After the 60-minute exercise we all gathered to hear how the experience went for people, without sharing anything in particular about the case itself. I think the most beautiful takeaway, was it seems the process of deeply sharing and deeply listening, brought each group together in a very special and intimate way that we hadn't anticipated.
And the second experience was at our final dinner together in the stunning Grange loft of SHED.
Towards the end of the meal, someone started teasing Stefano Brilli that it was a tradition for the newest employee to give a speech. (There, of course, is no such tradition). He, in good faith, got up and gave a touching speech about what it meant for him to join the company. And soon after, Brendan stood up and did the same, and then Virgin. And then one by one, in order of being hired at Balsamiq, we all spoke with much laughter, warmed hearts, and even some tears.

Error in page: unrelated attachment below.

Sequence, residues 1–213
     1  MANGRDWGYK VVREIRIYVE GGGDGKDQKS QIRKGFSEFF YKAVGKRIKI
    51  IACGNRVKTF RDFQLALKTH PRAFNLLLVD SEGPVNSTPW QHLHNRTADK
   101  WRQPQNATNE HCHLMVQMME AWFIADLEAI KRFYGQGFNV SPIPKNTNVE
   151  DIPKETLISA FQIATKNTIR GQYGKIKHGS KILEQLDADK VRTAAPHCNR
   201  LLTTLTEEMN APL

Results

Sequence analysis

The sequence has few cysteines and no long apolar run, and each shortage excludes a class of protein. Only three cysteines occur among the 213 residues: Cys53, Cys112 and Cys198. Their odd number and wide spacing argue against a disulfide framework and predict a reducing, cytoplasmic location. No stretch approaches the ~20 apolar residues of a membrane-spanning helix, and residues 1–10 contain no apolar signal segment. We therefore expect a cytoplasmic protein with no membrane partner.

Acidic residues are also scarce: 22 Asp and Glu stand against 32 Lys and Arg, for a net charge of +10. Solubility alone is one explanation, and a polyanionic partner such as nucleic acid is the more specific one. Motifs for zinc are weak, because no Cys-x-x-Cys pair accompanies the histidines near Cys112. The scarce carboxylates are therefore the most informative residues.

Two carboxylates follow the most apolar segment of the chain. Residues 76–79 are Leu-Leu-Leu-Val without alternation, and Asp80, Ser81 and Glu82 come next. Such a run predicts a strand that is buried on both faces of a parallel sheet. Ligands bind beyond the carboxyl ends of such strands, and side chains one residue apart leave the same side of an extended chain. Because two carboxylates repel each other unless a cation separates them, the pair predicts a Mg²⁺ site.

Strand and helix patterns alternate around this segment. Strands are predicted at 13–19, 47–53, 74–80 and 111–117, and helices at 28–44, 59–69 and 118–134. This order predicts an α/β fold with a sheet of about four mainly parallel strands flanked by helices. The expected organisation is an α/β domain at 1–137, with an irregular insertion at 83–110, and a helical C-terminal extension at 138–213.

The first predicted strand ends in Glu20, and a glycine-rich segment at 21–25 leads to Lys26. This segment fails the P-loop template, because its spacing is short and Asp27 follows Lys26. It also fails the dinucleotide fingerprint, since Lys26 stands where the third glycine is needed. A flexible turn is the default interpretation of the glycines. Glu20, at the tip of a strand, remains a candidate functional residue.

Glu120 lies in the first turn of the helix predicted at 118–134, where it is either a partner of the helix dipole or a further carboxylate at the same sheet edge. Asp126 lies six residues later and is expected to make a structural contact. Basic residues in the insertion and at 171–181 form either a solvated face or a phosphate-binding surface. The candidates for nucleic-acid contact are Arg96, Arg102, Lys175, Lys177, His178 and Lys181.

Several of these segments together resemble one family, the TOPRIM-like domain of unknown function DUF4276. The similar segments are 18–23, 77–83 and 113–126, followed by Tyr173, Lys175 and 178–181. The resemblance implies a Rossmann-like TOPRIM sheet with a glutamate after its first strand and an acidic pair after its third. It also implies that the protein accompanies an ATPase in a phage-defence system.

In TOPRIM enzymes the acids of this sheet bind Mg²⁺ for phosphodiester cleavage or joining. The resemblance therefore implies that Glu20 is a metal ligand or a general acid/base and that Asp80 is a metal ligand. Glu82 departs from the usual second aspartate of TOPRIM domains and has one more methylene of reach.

What started as a joke, ended in one of the most magical evenings we've had at any retreat.
And when it's all over, enjoy the memories!
We shared a million pictures with one another, which meant we could laugh and talk about the experiences all over again after we had packed our bags and taken our cars and flights back home.
It was a wonderful experience for Joy and me to plan the retreat and even more to watch our colleagues experience it. We collected feedback, good and bad from this year, so next year's team will be ready to go!
Our newest ideas are: have someone specifically in charge of the Internet connection, who can come prepared to MacGyver solutions onsite, and schedule non-support people in advance to help at meals to make it easy on the retreat organizers.
We hope one or two of our ideas have inspired you in your retreat planning. Our team is already looking forward to the 2017 Retreat. We're not sure where it will be, but I can't wait to hear the theme!